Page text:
Additional finds were recovered from a small tomb in eastern South Korea, dating around 400s - 500s CE, where a pair of gilt-bronze shoes were found earlier this year. The new finds included a small gilt-bronze coronet, gold earrings, bracelets, a silver ring and silver belt, and a beaded chestlace, or piece of regalia worn across the chest and shoulders. The outer band of the coronet, which features three treelike branches and has two antler-like prongs, is decorated with heart-shaped holes and jade and gold marbles. A bracelet worn on the right wrist is made of more than 500 tiny yellow beads. According to South Korea’s Cultural Heritage Administration, the researchers have not yet determined the sex of the deceased, who stood about five feet, seven inches tall. The site is a Silla-era royal tomb complex in Gyeongju, suggesting the person was connected to the royal family of Silla.
This hand-crafted figure portrays a spirit being, or perhaps a shaman in spirit form, ready to battle supernatural forces. Given the shape of the shaman and the long walkway behind the shaman, it is likely a snuff tray! This artifact comes from the Jama-Coaque culture (in what is today Ecuador). The Jama-Coaque's religious figures are believed to have engaged in shamanic transformations. These spiritual events were aided by psychoactive plants that they ground into a fine powder, then ingested as a snuff, from trays like this one. Circa 300 BCE to 600 CE.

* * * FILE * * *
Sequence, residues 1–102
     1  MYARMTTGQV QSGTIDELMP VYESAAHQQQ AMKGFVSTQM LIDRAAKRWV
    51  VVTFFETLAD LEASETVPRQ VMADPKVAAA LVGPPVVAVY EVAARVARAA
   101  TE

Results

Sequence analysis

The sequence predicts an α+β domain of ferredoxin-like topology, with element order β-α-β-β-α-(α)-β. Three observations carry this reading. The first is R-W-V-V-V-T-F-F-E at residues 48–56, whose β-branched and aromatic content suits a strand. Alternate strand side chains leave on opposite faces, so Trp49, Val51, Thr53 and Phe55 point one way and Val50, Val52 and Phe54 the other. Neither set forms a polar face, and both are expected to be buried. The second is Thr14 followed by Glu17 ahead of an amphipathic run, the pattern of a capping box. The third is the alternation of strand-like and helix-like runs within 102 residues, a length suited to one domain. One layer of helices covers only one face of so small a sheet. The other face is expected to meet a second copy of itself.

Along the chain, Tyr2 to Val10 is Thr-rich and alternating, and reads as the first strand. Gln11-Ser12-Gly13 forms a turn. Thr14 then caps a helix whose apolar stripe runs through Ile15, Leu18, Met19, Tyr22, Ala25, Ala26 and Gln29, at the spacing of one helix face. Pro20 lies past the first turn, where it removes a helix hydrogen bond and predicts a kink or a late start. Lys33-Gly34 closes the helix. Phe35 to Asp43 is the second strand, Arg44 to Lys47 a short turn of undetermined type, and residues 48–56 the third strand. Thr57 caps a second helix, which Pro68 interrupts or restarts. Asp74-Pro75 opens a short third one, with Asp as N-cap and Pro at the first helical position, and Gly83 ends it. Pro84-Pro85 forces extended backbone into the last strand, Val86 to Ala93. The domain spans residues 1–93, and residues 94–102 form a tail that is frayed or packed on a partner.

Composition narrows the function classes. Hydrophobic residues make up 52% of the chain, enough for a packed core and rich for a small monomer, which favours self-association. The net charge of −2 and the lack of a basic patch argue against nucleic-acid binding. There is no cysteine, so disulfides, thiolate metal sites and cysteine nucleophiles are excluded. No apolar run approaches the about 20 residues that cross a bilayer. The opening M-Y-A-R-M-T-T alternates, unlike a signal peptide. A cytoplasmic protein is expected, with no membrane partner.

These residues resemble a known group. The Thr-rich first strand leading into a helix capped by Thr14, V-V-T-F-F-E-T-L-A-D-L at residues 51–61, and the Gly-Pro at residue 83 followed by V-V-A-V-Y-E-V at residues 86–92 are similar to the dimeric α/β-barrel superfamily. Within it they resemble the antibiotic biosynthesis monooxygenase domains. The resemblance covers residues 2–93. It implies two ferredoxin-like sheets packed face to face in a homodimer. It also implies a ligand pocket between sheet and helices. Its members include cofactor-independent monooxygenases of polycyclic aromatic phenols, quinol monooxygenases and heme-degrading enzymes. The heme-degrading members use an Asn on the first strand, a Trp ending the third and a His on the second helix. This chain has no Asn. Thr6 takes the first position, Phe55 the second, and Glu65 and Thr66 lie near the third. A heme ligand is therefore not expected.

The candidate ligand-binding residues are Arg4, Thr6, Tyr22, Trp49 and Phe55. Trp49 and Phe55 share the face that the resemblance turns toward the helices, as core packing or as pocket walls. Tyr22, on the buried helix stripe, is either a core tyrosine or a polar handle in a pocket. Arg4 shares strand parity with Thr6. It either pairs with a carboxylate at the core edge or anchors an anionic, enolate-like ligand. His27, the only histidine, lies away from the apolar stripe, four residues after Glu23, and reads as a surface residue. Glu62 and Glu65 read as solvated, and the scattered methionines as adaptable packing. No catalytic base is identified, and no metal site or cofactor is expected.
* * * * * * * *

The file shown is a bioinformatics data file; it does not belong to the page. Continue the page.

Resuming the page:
North-western Syria has about seven hundred "Dead Cities" or "Forgotten Cities." They include villages, towns, and some cities that were mainly abandoned between the 700s and 900s CE. Because they rest in an elevated area of limestone known as the Limestone Massif, which gets relatively little rain, the settlements are more or less still at surface level and well-preserved. There are three main groups of highlands on the Massif, each with their own Dead Cities. They provide us with insight into what life was like for prosperous agriculturalists in Late Antiquity and the Byzantine period.